**band**it also contains information about the

**phase**of the sine

**signal**.

We will now determine the amplitude-phase characteristic for the inertial term with the following parameters:

**K=1**

**T=1 sec**

We will

**star**t with a very small pulsation

**ω=0.31 1/sec**(T=20 sec!) and

**end**with

**ω=10.06 1/sec**(T=0.63 sec). The

**green**

**inpu**t

**sine**wave

**x(t)**always has a constant amplitude

**Xm=1**. For each

**ω**pulsation, we will determine the amplitude

**Ym**and the phase

**φ**of the

**red**output signal

**y(t)**in vector form.

**Chapter 18.4.2 ω=0.31/sec** (T=20 sec)

**Fig. 18-6**The

**input**is a

**green**sine wave

**x(t**) with an amplitude of

**Xm=1**and

**ω=0.31/sec**(T=20 sec)

The

**output**

**red**sine wave

**y(t)**has an amplitude

**Ym=0.95**and a delay

**φ=-17.5°**. Sine wave

**y(t)**is delaying behind by

**φ=-17.5°**relative to the

**x(t)**. The same

**inusoids**are also shown as

**vectors**. The

**phase**and the

**amplitude**of the

**red**sine wave

**y(t)**are much better visible here. Parameters

**Ym**and

**φ**are determined as late as possible (here after about

**25**seconds). Then the

**sine**wave is already “calm down”. At the very beginning, we have a

**transition state**in which the sine wave y(t) with the “elbow” is not really a sine wave yet. As you will see later, transients are more pronounced at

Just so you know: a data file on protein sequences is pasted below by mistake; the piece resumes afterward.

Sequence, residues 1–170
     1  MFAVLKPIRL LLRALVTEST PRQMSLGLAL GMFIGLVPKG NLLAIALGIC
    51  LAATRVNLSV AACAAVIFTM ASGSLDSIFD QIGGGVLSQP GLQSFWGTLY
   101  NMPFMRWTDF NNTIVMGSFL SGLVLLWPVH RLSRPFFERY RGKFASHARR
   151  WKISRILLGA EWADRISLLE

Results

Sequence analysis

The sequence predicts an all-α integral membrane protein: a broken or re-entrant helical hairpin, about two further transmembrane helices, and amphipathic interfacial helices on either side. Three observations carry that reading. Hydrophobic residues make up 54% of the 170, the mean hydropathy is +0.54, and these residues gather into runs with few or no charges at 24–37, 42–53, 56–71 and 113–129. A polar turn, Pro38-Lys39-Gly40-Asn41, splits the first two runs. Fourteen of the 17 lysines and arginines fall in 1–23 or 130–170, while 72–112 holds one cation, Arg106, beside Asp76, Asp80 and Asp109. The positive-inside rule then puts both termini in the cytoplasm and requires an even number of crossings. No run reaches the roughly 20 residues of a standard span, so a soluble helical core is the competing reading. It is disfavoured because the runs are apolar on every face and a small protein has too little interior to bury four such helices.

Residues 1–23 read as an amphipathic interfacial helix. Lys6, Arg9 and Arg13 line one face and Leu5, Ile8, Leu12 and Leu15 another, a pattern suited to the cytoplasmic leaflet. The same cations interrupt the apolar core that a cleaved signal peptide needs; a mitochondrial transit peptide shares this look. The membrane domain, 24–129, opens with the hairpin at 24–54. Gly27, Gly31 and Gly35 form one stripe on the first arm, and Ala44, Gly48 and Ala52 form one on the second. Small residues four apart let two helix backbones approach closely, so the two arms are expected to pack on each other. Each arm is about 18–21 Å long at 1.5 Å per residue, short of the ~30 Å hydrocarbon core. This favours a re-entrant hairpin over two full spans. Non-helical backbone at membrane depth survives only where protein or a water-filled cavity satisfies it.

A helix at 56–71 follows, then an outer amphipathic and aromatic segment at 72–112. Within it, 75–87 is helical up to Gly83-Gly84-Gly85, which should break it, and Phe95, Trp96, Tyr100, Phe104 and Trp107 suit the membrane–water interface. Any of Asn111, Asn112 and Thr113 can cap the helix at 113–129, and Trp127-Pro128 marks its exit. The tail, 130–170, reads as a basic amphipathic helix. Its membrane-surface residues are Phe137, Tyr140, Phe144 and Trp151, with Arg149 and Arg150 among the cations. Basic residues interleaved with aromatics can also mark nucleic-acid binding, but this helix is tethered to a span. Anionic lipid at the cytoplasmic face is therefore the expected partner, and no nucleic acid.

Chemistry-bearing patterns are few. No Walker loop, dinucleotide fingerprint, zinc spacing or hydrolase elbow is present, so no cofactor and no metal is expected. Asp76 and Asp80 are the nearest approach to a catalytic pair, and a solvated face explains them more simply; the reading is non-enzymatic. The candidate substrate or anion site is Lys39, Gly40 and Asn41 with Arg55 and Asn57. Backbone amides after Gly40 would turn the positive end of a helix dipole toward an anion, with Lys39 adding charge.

**higher**frequencies.

**Chapter 18.4.3 ω=0.63/sek (T=10 sek)**

**Fig.18-7**

The input is a sine wave** x(t)** with amplitude **Xm=1** and **ω=0.63/sec** (T=10 sec). The delay **y(t)** increased at **φ=-32°** and the amplitude decreased **y(t)** at **Ym=0.85**.

From the time chart, at first glance, it seems that **ω** is the same as before. But the time base has changed! Here and in the following experiments, the experiment lasts **30** seconds instead of** 60** seconds as before.

**Chapter 18.4.4 ω=1.26/sec (T=5 sek)**

**F****ig. 18-8**

**Xm=1**and

**ω=1.26/sec**(T=5 sec)

Delay

**y(t)**increased at

**φ=-52°**and the

**y(t)**amplitude decreased at

**Ym=0.61**

Chapter. 18.4.5 ω=2.51/sek (T=2.5 sek)

Chapter. 18.4.5 ω=2.51/sek (T=2.5 sek)

**Fig. 18-9****Xm=1** and **ω=2.51/sec** (T=2.5sec)

Delay** y(**t) increased at **φ=-68**° and the amplitude decreased** y(t)** at **Ym=0.37**

**Chapter. 18.4.6 ω=5.03/sek (T=1.25 sek)**

**Fig. 18-10**

The** red** arrow **y(t)** continues to **delay** and **decrease**. At higher **frequencies**, the **transient** state of the **sine wave** is more clearly visible at the **beginnin**g of the **waveform.**

**Chapter. 18.4.7 ω=10.06/sek (T=0.63 sek)**

**Fig. 18-11**

The **red** arrow **y(t)** continues to **delay** and **decrease**. At higher frequencies, the transient state of the sine wave is more clearly visible at the beginning of the **red** sine.

This completes the first stage of determining the **amplitude-phase** characteristics of the** inertial** unit **1/(1+sT)**.

**Chap. 18.4.8 Amplitude-phase characteristics of the tested inertial unit**

Let’s make one common **drawing** from successive **phasor graphs** (arrows).**Fig. 18-12**A common drawing is

**Fig. 18-12a**. The

**green**vector is a symbol of

**6**sinusoidal input signals

**x(t)**with pulsations

**ω1…ω6**and amplitude

**Xm=1**. The remaining

**6**

**red**vectors are the corresponding